Thursday 3 May 2012

Possible ATLAS FLYCATCHER in Yorkshire!

The 'Birding Emperor of East Yorkshire'; Sir Brett Richards located a funky looking first summer male ficedula at Flamborough last Saturday and Mmmmmm it looked to be a pretty interesting bird indeed.  With no sign of it on Sunday it was then relocated along Lighthouse Road on the Monday. At this stage the mystery bird was caught and processed and then released nearby amidst the wooded ravine of South Landing.  The measurements taken fell within those expected of ATLAS FLYCATCHER but a bird of this particular age is not safely identified on plumage alone. With this in mind a few precious feathers that became loose were safely collected in the hope that DNA analysis could clinch the identification for certain.  Other possibilities are that the bird is an Iberian Pied Flycatcher or maybe a hybrid Pied x Collared Flycatcher.

Throughout the week the bird's identity was discussed at great length, see Surfbirds for one of the best internet discussions.  With other ATLAS FLYCATCHERS being claimed elsewhere in Europe this Spring: two in mainland Italy, two on Sicily, one in Spain and another dodging the trappers on Malta, surely this increases the probability that we could have a British first on our tick-hungry hands?

The Funky Flamborough Ficedula... but what is it?
Photo by Steve Nuttall

With the debate continuing I eventually cracked under the immense pressure and managed to take the afternoon off work this afternoon. I had a good feeling in my bones that this bird could be the next 'big one' and I did not want to miss the possible opportunity of a lifetime.  The journey from Birmingham to Bridlington (via Coventry) went smoothly enough and just after 3.00pm we arrived on site.  Initially the bird was quite elusive but after a bit of perseverance we eventually enjoyed superb views of it along the south east side of the valley. At one stage it called continuously for about a minute as it fed close to a roosting Tawny Owl. It was not reminiscent of the sharp hwit call of the familiar Pied Flycatcher but was more like a subtle hweeet type sound.  Happy that we had witnessed all of the prime features for ourselves we then made our way back to the car park via the seaward end of the ravine. As we climbed the steep hill I picked up the bird yet again and even closer views were obtained this time.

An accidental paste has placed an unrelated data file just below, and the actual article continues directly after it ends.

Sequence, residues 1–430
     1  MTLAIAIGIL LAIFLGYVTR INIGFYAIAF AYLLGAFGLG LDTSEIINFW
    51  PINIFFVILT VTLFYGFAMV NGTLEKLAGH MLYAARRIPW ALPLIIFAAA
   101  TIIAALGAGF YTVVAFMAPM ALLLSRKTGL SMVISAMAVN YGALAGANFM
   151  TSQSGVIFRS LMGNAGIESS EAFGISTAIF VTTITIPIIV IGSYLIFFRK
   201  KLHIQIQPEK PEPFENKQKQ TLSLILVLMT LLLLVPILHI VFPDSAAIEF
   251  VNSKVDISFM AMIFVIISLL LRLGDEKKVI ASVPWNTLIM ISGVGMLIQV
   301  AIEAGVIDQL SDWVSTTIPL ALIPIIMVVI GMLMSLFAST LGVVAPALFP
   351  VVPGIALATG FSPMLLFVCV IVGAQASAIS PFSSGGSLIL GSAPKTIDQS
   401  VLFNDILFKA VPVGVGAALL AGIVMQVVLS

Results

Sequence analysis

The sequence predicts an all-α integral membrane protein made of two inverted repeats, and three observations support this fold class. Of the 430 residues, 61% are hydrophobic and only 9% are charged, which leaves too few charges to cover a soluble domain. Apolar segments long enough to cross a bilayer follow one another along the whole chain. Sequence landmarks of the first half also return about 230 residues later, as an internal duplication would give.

..... and so we all await the results of the DNA analysis with baited breath!

If you have an opinion on what you think this intriguing bird actually is then please feel free to vote in the poll on the right hand side.....

ATLAS FLYCATCHER... the story so far!

Back in the days the humble Pied Flycatcher Ficedula hypoleuca was spilt into four different subspecies. The race that breeds in Britain and other areas of northern and western Europe is F. h. hypoleuca and known as European or Western Pied Flycatcher. Further east the race F. h. sibirica or Siberian Pied Flycatcher breeds east of the Ural mountain range. Down in south west Europe the race F. h. iberiae or Iberian Pied Flycatcher has a localised breeding range in southern Spain and Portugal. The final race in the group was F. h. speculigera that breeds across the Mediterranean along the Atlas mountain range of north west Africa.

The structure above was then revised during 2001 when the DNA diversity of the 'black & white flycatcher' complex was studied in more detail.  The news at this time surprised most birders when it was discovered that Semi-collared Flycatcher was the ancestor of both Pied Flycatcher and Collared Flycatcher and that these were more closely related to each other than either of them was to Semi-collared Flycatcher. In addition it was also realised that the 'race' breeding in north west Africa was both phylogenetically and morphologically distinct. As a result of this conclusion the authors of the study recommended that this form should be treated as a separate species and named Atlas Flycatcher. The genetic distance of this 'new' species suggested that genetically it was further diverged from both Pied and Collared Flycatchers than they actually are from each other.

Atlas Flycatcher arrives on its breeding grounds at the end of April. It has been recorded on migration in Senegal and Algeria and there is just a single winter record from the Ivory Coast.  Back in 2003 Graham Etherington and Brian Small mentioned in their Birding World identification article that there was a possibility as with all trans-Saharan migrants that there was a chance of spring overshoots occurring in Britain and north west Europe.  They also stated that the end of April or the beginning of May would be the most likely period for their arrival here.  Could their prophecy come true over the next few weeks?

STOP PRESS - 12 May 2012

The DNA results have now been received!  Martin Collinson and his students at Aberdeen University have concluded that the bird is actually a European Pied Flycatcher.  Surely such a shocking announcement as this should have been televised live on The Jeremy Kyle Show.

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